As the rowdy Comedy Literature class breaks up into discussion groups, the loud voices of 22 boys fill the room. Meanwhile, the discussion coming from the only seven girls in the class is barely audible. This classroom atmosphere is flipped in the female-heavy English electives such as Analysis of the Writer’s Craft, where the girls initiate class discussions and speak out with ease.

Even at Palo Alto High School, where we seek diveristy and battle stereotypes, the gender ratios of students in English electives surprisingly reflect traditional gender expectations.

The school administration has been working to combat gender disparity, according to English teacher Alanna Williamson, but with so much focus on representing girls in STEM, the flip side has not gotten enough attention. Why do females make up such a disproportionately small number of students enrolled in certain English electives? Why do they dominate others?

The English electives with the greatest gender disparity are Comedy Literature, which is 74% male — 20 male students and seven female students — Analysis of the Writer’s Craft which is 24% male — 22 female students and seven male students — and Sports Literature, which is 81% male — 29 male students and seven female students.

The pressures

Junior Sofia Olgado enrolled in Sports Literature to fulfill her elective requirement for the year, and she immediately became aware of the unequal ratio of male to female students. She says she was not surprised.

“The class definitely reflected the social expectation that boys tend to like sports more than girls,” Olgado says. “In high school, a lot of students feel pressure to be interested in the same things as their friends and peers, and for that reason they tend to conform to stereotypes.”


“The class definitely reflected the social expectation that boys tend to like sports more than girls. In high school, a lot of students feel pressure to be interested in the same things as their friends and peers, and for that reason they tend to conform to stereotypes.”

— Sofia Olgado, junior enrolled in Sports Literature


Along with societal pressures, students are also subject to peer pressure within friend groups to take the same courses. This pressure often causes single-gender groups to sign up for the same elective, and leads to an even more skewed gender ratio within classes.

“I definitely think there is pressure to take certain classes based on what friends are taking, even if it’s not obvious,” Olgado says. “Regardless of this, it is important that Paly students take classes in the areas they are interested in, rather that just following the trends of their friends.”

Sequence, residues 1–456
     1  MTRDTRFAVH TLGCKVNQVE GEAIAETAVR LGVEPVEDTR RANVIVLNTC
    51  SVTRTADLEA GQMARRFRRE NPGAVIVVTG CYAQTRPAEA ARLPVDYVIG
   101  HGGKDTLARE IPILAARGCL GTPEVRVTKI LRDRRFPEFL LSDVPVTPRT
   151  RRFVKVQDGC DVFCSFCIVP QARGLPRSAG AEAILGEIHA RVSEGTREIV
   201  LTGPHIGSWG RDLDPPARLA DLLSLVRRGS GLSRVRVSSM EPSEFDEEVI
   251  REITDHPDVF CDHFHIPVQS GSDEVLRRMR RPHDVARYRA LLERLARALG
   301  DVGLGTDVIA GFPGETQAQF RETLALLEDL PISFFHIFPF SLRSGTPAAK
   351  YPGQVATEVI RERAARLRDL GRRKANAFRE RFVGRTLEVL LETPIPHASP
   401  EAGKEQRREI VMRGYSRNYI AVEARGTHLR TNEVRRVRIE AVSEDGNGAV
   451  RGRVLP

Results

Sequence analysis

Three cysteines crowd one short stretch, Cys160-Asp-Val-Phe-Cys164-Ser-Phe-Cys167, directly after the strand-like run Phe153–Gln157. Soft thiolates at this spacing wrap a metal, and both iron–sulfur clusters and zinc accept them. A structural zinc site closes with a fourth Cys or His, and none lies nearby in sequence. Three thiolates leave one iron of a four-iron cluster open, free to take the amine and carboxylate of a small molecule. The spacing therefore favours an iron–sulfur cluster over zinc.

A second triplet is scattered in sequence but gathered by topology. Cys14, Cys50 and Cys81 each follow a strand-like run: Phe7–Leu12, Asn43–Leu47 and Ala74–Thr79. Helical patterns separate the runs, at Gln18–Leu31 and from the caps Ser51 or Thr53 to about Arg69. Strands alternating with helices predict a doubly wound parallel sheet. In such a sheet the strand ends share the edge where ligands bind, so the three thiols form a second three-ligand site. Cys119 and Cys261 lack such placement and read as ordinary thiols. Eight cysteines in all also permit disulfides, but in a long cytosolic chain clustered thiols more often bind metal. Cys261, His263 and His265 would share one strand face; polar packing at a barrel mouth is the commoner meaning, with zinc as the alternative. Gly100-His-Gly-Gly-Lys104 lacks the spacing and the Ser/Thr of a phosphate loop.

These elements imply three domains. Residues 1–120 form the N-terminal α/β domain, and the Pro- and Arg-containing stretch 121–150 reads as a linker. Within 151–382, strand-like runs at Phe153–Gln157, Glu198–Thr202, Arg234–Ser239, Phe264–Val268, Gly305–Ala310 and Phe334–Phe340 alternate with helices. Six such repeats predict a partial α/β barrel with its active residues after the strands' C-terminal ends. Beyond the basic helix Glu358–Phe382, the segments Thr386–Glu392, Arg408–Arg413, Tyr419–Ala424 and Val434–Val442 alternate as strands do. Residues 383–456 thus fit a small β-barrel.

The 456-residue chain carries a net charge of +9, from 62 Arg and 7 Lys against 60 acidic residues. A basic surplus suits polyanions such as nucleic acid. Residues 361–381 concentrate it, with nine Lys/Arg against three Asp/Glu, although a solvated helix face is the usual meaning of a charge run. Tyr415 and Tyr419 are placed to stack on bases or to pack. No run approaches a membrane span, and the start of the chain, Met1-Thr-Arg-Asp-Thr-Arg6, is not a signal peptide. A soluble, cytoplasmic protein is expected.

Junior Fabiana Teofan defied these pressures by signing up for Comedy Literature as her elective.

Although she says it doesn’t hugely affect her behavior in class, she has a theory for why so many male students sign up for the course.

“Guys seem to make the jokes and want to make the girl laugh and in turn, the girl in the relationship wants to be able to laugh at the guy’s jokes,” Teofan says. “I think that might have some role in why mostly guys are in that class.”

Class environment

Discrepancies in gender ratios of electives have significant effects on the class dynamic, especially in those for which class participation plays a large role.

“I mean, it [the gender ratio] is a little uncomfortable because you have to get up there and speak and act out,” Teofan says about her Comedy Literature class. “We [girls] mainly stay in one group.”

However, a few students report that they have never noticed the imbalance of gender in their class, partially because of the teacher’s exuberant nature.

“Ms. Filppu projects such a strong positive personality that it helps soften the disparity,” says David Foster, a junior in Comedy Literature.

Though the effects of the imbalance may be subtle initially, the consequences become apparent during class discussions.

“[In Comedy Literature], boys are more likely to share out,” senior Clara Luehrs says. “But in my Writer’s Craft class, there are a lot of girls who like to share out.”

“I want to know what girls think,” Foster says. “It’s just not as fun for me; I prefer a balance, because there’s more to talk about. Even balances help everyone.”

The English Department agrees, Williamson says, and is trying to adjust the system in order to combat gender imbalances displayed in so many electives.


“We try to be more conscious of it [gender disparity] and maintain balances when possible. Diversity in classes is good because it can offer a diversity in opinion and perspective.”

— Alanna Williamson, English teacher


“We try to be more conscious of it [gender disparity] and maintain balances when possible,” Williamson says. “Diversity in classes is good because it can offer a diversity in opinion and perspective.”

Fixing the issue

In response to demand for more humanities-oriented Advanced Placement classes, but also as an attempt to restore gender balance in courses, the English Department is introducing AP English Language  and Composition — available to upperclassmen this fall.

“Part of the reason we’re adding AP Language this year is … because we are trying to offer another AP option to diversify and attract all types of students,” Williamson says. “Our department immediately begins having conversations about why [disparity is] happening and how we can find a balance of gender in [classes] again.”